Issue 13 | April 2017
Welcome to our 13th edition of On Tap! This month we feature trade waste and how Redland City Council supports businesses to safely discharge their liquid waste into sewer while ensuring we look after human health and the environment.
We have recently made significant improvements to trade waste management, including:
- More detailed trap inspections
- Tracking the servicing of grease traps; and the
- Issue of Remedial Notices
What is trade waste and why do we need to be aware of it?
Trade waste is liquid waste that is produced by a commercial or industrial business, not including human waste and storm water, which is discharged into the sewer. It is sometimes known as industrial sewage or effluent.
In high concentrations, these wastes may be damaging to our employees and assets. Treatment plant efficiency may also be affected by trade waste and consequential issues may occur to waterways receiving the effluent.
Liquid wastes are produced by a variety of industrial, commercial and domestic activities and can contain a number of potentially toxic and hazardous substances, such as fats, grease, heavy metals, solvents and detergents.
Some businesses that produce trade waste include:
- Commercial food premises, such as restaurants, cafes and fast food outlets
- Hairdressers and beauty salons
- Hospitals and medical centres
- Industry and manufacturing
- Shopping centres
- Commercial laundries
- Automotive industries
Why do businesses require a trade waste approval?
Under the Water Supply (Safety and Reliability) Act 2008, only domestic wastewater from toilets and other low-level activities may be discharged into sewer. Any individual or business who intends to discharge liquid waste into the sewerage system must first seek approval from Redland City Council.
This is a simple process that can be done by completing an application form. Once Council has completed the relevant assessment, the two entities enter into a legally binding trade waste agreement.
The agreement outlines the terms and conditions by which the individual (waste generator) can safely dispose of trade waste.
What can possibly go wrong?
Depending on the type of industry, trade waste can consist of:
- Suspended solids
- Grease and oil
In the sewer, fats and solids may collect and cause a blockage. This may lead to an overflow from a manhole, with raw sewerage released to the environment. Council is responsible for the clean-up and the incident may lead to an environmental breach.
At the wastewater treatment plant, chemicals, fats and solids can interfere with the treatment process increasing treatment costs, and causing poor effluent and licence breaches.
The trade waste team at Redland City Council is here to ensure that these nasties don’t enter the sewerage system and end up at our treatment plants.
What is the Trade Waste Management Plan?
A Trade Waste Management Plan is a guideline for businesses to ensure effective management of commercial and industrial sewage that is discharged to the sewerage system.
The guideline includes information about the management of trade waste, including:
- Discharge categories and volumes
- Sewer admission limits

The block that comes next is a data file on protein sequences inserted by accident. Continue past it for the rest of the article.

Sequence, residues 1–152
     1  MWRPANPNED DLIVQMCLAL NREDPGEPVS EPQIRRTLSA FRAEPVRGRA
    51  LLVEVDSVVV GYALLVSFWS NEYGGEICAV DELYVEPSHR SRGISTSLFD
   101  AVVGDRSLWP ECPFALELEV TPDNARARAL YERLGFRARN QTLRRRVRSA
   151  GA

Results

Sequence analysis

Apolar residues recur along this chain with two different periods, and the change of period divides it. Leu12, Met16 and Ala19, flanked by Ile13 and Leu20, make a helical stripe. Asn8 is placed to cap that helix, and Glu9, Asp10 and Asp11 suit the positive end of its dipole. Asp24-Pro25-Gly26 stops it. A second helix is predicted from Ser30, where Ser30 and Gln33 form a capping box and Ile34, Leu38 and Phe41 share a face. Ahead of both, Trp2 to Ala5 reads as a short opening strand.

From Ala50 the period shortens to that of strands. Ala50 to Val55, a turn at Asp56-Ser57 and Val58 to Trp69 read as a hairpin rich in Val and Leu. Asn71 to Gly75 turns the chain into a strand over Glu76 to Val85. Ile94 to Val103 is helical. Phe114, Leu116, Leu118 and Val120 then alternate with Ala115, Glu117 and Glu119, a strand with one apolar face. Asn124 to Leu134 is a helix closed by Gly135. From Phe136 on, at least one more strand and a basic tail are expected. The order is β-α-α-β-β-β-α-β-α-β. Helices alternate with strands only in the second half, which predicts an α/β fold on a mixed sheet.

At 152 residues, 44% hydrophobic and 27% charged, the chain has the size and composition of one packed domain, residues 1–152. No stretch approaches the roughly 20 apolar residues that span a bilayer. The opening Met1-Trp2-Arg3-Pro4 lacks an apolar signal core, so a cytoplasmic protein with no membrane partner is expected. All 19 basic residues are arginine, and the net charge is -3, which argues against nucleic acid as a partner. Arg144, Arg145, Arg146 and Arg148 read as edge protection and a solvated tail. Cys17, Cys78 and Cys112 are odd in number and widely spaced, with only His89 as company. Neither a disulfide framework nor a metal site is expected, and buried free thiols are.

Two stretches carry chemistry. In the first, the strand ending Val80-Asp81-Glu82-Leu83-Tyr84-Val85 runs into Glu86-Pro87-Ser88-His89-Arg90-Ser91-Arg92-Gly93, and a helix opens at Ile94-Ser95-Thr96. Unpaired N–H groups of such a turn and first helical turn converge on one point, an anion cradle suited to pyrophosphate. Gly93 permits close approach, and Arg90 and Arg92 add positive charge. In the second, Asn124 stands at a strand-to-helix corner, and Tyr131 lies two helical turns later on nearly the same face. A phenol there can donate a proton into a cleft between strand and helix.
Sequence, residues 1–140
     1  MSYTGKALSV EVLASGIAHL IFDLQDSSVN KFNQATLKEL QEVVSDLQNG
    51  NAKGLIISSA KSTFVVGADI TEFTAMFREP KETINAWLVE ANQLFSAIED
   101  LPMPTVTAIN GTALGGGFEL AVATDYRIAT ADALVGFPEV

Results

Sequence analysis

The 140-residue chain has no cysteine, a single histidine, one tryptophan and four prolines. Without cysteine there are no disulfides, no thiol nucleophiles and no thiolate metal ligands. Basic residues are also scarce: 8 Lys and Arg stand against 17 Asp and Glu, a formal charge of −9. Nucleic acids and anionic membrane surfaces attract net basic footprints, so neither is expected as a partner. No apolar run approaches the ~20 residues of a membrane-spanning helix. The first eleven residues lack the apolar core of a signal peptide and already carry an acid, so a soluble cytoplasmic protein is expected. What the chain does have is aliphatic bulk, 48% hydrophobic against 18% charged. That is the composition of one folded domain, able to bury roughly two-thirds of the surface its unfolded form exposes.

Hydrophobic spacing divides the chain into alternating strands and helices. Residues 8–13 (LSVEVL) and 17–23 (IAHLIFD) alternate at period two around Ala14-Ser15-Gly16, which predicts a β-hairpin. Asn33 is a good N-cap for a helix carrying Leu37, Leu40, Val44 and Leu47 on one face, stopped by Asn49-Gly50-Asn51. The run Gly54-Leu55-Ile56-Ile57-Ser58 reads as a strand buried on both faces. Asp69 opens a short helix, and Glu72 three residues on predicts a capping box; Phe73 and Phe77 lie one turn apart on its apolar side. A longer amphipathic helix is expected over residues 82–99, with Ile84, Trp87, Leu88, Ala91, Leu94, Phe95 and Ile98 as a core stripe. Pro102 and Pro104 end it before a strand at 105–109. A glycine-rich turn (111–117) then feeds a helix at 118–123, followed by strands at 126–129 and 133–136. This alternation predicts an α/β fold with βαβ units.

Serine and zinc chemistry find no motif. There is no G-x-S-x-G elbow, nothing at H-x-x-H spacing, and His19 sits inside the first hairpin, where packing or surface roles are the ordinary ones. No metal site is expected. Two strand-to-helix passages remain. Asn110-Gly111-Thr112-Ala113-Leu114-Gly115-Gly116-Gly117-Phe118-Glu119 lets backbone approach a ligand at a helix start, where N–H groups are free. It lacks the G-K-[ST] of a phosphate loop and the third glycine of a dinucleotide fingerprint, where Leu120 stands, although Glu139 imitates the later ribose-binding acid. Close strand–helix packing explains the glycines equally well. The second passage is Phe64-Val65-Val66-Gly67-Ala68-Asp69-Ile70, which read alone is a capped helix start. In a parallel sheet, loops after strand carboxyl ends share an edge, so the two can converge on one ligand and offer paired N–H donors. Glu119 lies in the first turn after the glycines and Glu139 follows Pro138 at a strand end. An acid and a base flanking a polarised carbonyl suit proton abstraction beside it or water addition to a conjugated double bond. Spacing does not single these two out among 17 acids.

- Effluent improvement programs
- Pre-treatment processes and equipment requirements for grease traps
- Fees and charges
- Testing and sample collection requirements
How is trade waste managed?
The trade waste team is responsible for the development, implementation, administration and enforcement of the Trade Waste Management Plan. This includes carrying out inspections, testing, assessing and issuing trade waste approvals.
Trade waste generators are classified as either category 1 or 2 depending on the waste load imposed on the sewer.
Some businesses may be required to install pre-treatment before discharging to the sewer. This may be a grease trap, oil-water separator or DAF unit.
Special trade waste charges are included on the quarterly Rates Notice along with other wastewater charges.
What is a trap?
A trap (arrestor) is a plumbing appliance that is designed to filter fats, oils, grease, sand, sludge, food and other solids from going down the drain and entering the sewerage system. The waste is stored in a compartment so that it can be pumped out later by a waste collection company and disposed of at an appropriate site.
See how a grease trap is tested
To help decide how frequently a trap must be serviced, it is sampled and tested for:
- Total Suspended Solids
- Total Oil and Grease
A Council officer may inspect the trap to check that it is in good condition. If repairs are required a Remedial Notice is issued to the property owner.
A process has recently been implemented where this is done during the trap servicing, allowing a more detailed inspection to be done.
Since 2015, all pre-treatment devices have been registered in P&R. This allows the Trade Waste team to record and track the servicing of the traps by contractors. Council may issue a Remedial Notice to customers who are not adequately servicing traps.
How you can help?
- Scrape your plates into the bin before washing
- Use a sink strainer
- The use of insinkerators is NOT encouraged
- Don’t wash fats and cooking oils down the sink. Allow fats to cool and harden first then put in the rubbish bin.
- Food businesses should use a recycled oil contractor and put bulk waste cooking oil in the provided container. This is a free service.
- Never pour toxic chemicals, paints, petroleum products or solvents down the sink.
- DO NOT flush wet wipes (even those advertised as flushable), sanitary napkins, tampons or nappies.
Are you contributing to Brisbane’s fatbergs?
Tipping fats and oils down the sink, or flushing items that do not easily break down, can create a build-up of congealed waste in our sewerage network, causing blockages, sewer overflows and damage to equipment.
An article published in the Redland City Bulletin reminds residents to dispose of fats and oils responsibly.